Humanities Endowment Awards First Digital Humanities Start-Up Grants

WASHINGTON, (March 26, 2007)

Sixteen humanities projects will receive $478,565 for innovative uses of technology

The National Endowment for the Humanities (NEH) has awarded the first Digital Humanities Start-Up Grants, NEH Chairman Bruce Cole announced today. At the National Humanities Alliance's annual membership meeting in Washington, Chairman Cole said that these new projects are designed to explore and develop innovative uses of technology in humanities education, scholarship, and public programming. Sixteen projects will receive a total of $478,565 in this program, which is one part of NEH's Digital Humanities Initiative.

"These new digital humanities projects demonstrate the promise offered by current and future technological advances to create new approaches and bring fresh perspectives to study in the humanities," said Cole. "Technology offers us powerful tools to help us understand our world, and with these grants, scholars will put those tools to good use."

NEH's Digital Humanities Start-Up Grants were designed to provide "seed money" to support scholars with bright ideas about new ways to use technology to advance understanding of history, literature, and other humanities disciplines. Today's announcement includes awards to the following institutions or individuals:

Funding for the awards to Drexel University, the CUNY Research Foundation at Brooklyn College, and independent scholar Richard Cook has been provided by the Institute of Museum and Library Services (IMLS) as part of the IMLS/NEH "Advancing Knowledge" partnership.

Additional information about the National Endowment for the Humanities, its grant programs, and the Digital Humanities Initiative is available on the Internet at

  • University of California, Irvine, ($29,997) for the creation of an interactive GIS (Geographical Information System) database of early maps of the African coastline, 1434 - 1504.
  • University of California, Riverside, ($30,000) for two planning conferences, one in Riverside, California, the other in Bangkok, Thailand, to lay the foundations for the interactive mapping of Asian Buddhist monastic centers in Thailand and the creation of a digital resource using state of the arts tools.
  • Richard Cook, independent scholar, San Leandro, Calif., ($30,000) for using Character Description Language software in the mapping of Chinese characters and the augmentation of a standard database of characters open to members of international standards bodies and to the public.
  • Kohala Center, Kamuela, Hawaii, ($29,979) to plan for a "digital collaboratory" engaging humanities scholars, scientists, technology specialists, and native Hawaiian culture experts in the development of a geospatially referenced database of the island of Hawaii.
  • University of Kentucky Research Foundation, Lexington, ($29,958) for a robust, Web-based multimedia resource combining folk legends on saints and biblical figures, songs and religious rituals, and iconography of Russian Orthodoxy.
  • Maine Humanities Council, Portland, ($30,000) for podcasting public humanities projects throughout Maine, a state of concentrated population and long distances. This project would expand the geographic and temporal reach of Maine Humanities Council programs.
  • CUNY Research Foundation, Brooklyn College, Brooklyn, N.Y., ($29,850) for the digital laser scanning and three dimensional quantification, as well as the creation of digitally generated models, of ancient Mesopotamian cuneiform tablets.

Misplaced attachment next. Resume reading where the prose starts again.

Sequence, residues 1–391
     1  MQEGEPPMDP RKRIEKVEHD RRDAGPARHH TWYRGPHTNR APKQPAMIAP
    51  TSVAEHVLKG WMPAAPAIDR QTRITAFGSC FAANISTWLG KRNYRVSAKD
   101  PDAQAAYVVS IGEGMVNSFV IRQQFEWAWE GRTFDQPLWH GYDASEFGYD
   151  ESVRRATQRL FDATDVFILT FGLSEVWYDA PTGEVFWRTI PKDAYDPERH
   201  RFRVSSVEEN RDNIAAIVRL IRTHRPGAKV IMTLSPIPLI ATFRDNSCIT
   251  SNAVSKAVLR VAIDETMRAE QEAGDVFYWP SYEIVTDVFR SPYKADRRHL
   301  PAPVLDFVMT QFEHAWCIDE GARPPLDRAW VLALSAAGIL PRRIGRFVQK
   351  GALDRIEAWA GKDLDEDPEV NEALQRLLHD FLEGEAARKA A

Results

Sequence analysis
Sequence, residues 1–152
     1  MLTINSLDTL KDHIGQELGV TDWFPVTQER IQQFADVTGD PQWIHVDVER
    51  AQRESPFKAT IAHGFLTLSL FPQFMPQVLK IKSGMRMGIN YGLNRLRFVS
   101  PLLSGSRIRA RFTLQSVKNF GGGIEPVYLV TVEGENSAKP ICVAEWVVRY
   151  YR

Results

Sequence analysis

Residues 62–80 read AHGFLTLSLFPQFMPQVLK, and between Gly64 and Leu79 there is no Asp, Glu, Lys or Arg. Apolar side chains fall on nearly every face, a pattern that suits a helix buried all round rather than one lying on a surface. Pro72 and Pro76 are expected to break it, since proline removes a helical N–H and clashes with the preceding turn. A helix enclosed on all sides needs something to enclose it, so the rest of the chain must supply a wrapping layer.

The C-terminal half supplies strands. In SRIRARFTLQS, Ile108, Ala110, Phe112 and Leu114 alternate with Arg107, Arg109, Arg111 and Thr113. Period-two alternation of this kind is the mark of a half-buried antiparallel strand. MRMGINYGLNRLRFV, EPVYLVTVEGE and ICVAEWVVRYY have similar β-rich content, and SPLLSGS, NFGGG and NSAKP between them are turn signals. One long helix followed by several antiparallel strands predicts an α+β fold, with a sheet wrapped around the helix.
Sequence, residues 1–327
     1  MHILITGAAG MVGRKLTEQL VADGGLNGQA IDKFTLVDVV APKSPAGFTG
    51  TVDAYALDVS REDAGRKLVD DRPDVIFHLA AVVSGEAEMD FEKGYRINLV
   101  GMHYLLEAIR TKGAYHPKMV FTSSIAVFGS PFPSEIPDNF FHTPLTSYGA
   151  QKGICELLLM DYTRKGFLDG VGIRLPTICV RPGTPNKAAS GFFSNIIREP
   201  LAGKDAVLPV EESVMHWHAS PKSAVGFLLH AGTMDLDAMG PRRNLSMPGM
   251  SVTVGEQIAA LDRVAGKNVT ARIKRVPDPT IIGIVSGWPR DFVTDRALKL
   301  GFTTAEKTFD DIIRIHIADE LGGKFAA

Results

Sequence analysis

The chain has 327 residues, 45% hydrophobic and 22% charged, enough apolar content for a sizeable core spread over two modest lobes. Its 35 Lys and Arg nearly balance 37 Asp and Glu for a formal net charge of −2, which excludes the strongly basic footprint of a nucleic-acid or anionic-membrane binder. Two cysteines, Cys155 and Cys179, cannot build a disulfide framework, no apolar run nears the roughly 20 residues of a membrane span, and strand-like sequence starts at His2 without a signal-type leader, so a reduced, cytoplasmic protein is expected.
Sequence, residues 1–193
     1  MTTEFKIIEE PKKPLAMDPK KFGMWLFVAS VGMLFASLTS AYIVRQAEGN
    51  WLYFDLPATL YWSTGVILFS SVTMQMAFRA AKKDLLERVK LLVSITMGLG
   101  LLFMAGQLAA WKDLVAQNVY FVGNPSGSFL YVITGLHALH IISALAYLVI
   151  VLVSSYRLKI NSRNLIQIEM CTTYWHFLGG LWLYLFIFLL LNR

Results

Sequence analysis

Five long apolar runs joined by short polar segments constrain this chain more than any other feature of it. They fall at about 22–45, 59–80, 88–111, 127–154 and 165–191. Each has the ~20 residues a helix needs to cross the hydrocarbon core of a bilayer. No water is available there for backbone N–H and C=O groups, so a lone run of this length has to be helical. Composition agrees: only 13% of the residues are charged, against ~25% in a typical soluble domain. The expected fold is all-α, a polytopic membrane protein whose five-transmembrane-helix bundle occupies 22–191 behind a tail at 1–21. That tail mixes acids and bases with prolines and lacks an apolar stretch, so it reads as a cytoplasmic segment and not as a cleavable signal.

• Syracuse University, Syracuse, N.Y., ($29,921) for the creation of a proof of concept system that employs Natural Language Processing techniques and utilizes information contained in tables of contents and back of the book indexes for more precise searching of the content of electronic books.
  • Michael Newton, independent scholar, Chapel Hill, N.C., ($28,988) for a digital humanities collaboration on Celtic studies that will allow multiple users to contribute to, discuss, edit, and utilize a common body of information.
  • North Carolina Central University, Durham, ($30,000) for the beginning stages of a jazz research digital library, located at North Carolina Central University, comprising photographs, oral histories, music, and text.
  • Drexel University, Philadelphia, Pa., ($30,000) for the development of a programming tool for automatically identifying, categorizing, and describing newspaper articles from digital files produced by the National Digital Newspaper Program (NDNP).
  • University of Pennsylvania, Philadelphia, ($29,999) for a pilot program for a model high resolution archaeological database in Greece and the United States consisting of photographs, video, field notes, laser scans, architectural data, and simulations relating to the ancient Roman colony of Corinth.
  • Coastal Carolina University, Conway, S.C., ($30,000) for the digital reconstruction of classical Greek monuments in a second stage pilot project focused on the three dimensional digital recording of the early fourth century BCE tholos at Delphi in Greece.
  • University of Virginia, Charlottesville, ($29,873) for development of a tool to present the progressions of interrelated items held in an electronic thematic repository.
  • University of Virginia, Charlottesville, ($30,000) for the testing and implementation of a prototype for digitizing artists' books by a group of curators, artists, critics, and scholars who will expand the use and population of this virtual resource through a distributed content model.
  • Old Dominion University Research Foundation, Norfolk, Va., ($30,000) for a study of the impact of podcasting technology in the teaching of foreign languages courses.
Media Contacts:
Office of Communications: (202) 606-8446 |